A surge in junk bond issuance during the first nine months this year has sparked fierce jockeying for deals among underwriters, including commercial banks.

Total high-yield issuance, which was dominated by private placements, known as 144a issues, has reached $89.4 billion since January, according to Securities Data Co. That's a 54% jump from the first nine months of last year, when issues totaled $58.2 billion. This year's volume has already surpassed the $72.5 billion annual record, set in 1993.

The figures include those issues rated BB-plus and lower by Standard & Poor's and rated Ba1 and lower by Moody's Investors Service but do not include high-yield issuance from Latin America, which continues to be a large part of the market. Latin American issuance for the first half counted for roughly 25% of the high-yield market.

The explosion of 144a issuance-which now makes up about 95% of all high- yield issuance-may account for some discrepancies in the figures; Standard & Poor's measures high-yield issuance at $92.4 billion. The increase in the number of 144a's is largely attributed to the issuer's ability to bring such instruments to market more quickly.

While the usual suspects - Donaldson, Lufkin & Jenrette; Morgan Stanley, Dean Witter, Discover & Co.; and Merrill Lynch & Co. - sparred for the top position on the league tables, Chase Securities Inc. also zoomed up the ranks.

The brokerage subsidiary of Chase Manhattan Corp. snared a 7.7% market share, raising proceeds of $6.9 billion from 44 issues, and placing fifth among all underwriters for the first three quarters, according to Securities Data.

A year earlier, Chase had only 4.8% of the market, and placed ninth among all underwriters.

Meanwhile, Bankers Trust New York Corp., which integrated Alex. Brown & Co. last quarter, ranked eighth among all underwriters, with 5.9% of the market, raising $5.285 billion of proceeds. That's a gain from last year, when Bankers Trust raised $2.886 billion in high-yield bonds and took a 5.5% market share.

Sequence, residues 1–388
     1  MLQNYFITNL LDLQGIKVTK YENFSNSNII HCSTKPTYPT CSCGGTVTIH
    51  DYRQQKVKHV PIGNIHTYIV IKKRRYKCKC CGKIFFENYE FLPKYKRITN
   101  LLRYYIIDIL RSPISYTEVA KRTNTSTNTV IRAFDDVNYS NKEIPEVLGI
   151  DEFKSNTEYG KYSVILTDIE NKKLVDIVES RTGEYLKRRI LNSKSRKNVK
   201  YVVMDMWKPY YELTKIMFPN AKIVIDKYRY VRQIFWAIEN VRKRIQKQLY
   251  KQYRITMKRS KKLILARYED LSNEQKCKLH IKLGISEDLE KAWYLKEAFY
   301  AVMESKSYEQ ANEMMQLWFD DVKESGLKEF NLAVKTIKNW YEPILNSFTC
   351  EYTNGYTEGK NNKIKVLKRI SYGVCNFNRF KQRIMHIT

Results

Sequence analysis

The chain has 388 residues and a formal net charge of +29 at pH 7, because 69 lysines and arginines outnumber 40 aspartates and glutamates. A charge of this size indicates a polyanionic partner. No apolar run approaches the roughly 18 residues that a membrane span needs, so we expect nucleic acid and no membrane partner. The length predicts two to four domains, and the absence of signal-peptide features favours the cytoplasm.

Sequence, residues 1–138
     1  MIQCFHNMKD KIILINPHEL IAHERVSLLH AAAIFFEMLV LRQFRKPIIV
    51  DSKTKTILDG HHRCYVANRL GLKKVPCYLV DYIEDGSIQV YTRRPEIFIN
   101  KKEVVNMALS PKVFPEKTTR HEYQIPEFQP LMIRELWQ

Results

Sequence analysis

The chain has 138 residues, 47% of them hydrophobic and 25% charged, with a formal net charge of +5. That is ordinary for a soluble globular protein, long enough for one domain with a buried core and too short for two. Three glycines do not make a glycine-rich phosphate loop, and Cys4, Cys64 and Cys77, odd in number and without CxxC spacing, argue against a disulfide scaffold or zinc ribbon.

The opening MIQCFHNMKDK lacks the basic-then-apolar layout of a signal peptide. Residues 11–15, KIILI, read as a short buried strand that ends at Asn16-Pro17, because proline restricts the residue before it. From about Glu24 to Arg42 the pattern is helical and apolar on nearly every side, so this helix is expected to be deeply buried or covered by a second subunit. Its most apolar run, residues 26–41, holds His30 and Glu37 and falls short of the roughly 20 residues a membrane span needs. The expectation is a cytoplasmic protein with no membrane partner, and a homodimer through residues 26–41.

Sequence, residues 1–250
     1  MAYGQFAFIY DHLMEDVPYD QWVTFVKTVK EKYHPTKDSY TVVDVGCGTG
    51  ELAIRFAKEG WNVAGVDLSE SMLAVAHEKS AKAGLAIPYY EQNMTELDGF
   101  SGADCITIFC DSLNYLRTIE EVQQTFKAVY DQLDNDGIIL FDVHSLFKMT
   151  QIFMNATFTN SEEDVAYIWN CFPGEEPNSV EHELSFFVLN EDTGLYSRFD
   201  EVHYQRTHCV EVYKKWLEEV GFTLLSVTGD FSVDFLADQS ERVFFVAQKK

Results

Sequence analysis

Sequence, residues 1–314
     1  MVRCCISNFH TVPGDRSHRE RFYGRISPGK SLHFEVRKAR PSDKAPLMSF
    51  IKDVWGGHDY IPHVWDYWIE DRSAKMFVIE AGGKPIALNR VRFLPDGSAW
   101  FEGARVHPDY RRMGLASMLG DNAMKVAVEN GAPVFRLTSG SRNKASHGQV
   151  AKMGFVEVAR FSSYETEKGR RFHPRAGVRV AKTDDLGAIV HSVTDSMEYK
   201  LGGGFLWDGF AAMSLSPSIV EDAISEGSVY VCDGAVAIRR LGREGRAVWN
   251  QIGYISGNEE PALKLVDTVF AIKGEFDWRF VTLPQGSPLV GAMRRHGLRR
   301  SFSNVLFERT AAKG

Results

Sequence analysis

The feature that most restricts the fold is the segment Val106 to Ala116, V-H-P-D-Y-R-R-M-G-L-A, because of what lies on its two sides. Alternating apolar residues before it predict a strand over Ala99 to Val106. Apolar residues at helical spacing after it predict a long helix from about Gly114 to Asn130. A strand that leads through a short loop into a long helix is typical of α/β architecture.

Other commercial banks with junk bond shops, including J.P. Morgan & Co., NationsBank Corp., CIBC Wood Gundy, and Citicorp , either maintained market share or slipped slightly from last year.

"The market remains receptive to innovative financings. It is increasingly global, and supply has increased tremendously," said Wilfred Finnegan, a managing director and head of high-yield at Chase Securities. He noted that the fundamentals of the market continue to be strong, with liquidity on the demand side remaining positive and the balance of supply and demand remaining stable.

The third quarter was one of the strongest ever for Chase; it lead- managed $2.06 billion of business in September alone. Securities Data said that Chase has led 44 deals this year, compared with 17 last year.

For Chase, some of the banner deals included a $175 million issue of senior notes for Stena AB, an $800 million issue for Iridium, and a $235 million German mark-denominated issue co-managed with Goldman, Sachs & Co. for ITT Promedia.

Meanwhile, Bankers Trust, a pioneer in the commercial bank-based junk bond market, added to its origination firepower with the Alex. Brown acquisition. That deal closed last month.

In June, BT Alex. Brown led a $220 million issue for American Communications Services Inc., a competitive local exchange carrier, in addition to a $75 million issue of payment-in-kind preferreds. Other Alex. Brown deals included a $300 million issue for SC International Services and a $150 million issue for Atlas Air.

Demand for high-yield bonds has continued to be robust, as the "global search for yield" continues to put pressure on spreads.

Andrew Nybo, head of research at the Bond Market Association, said that spreads on B3 bonds, which were 464 basis points over Treasuries in March 1996, are now 328 basis points.

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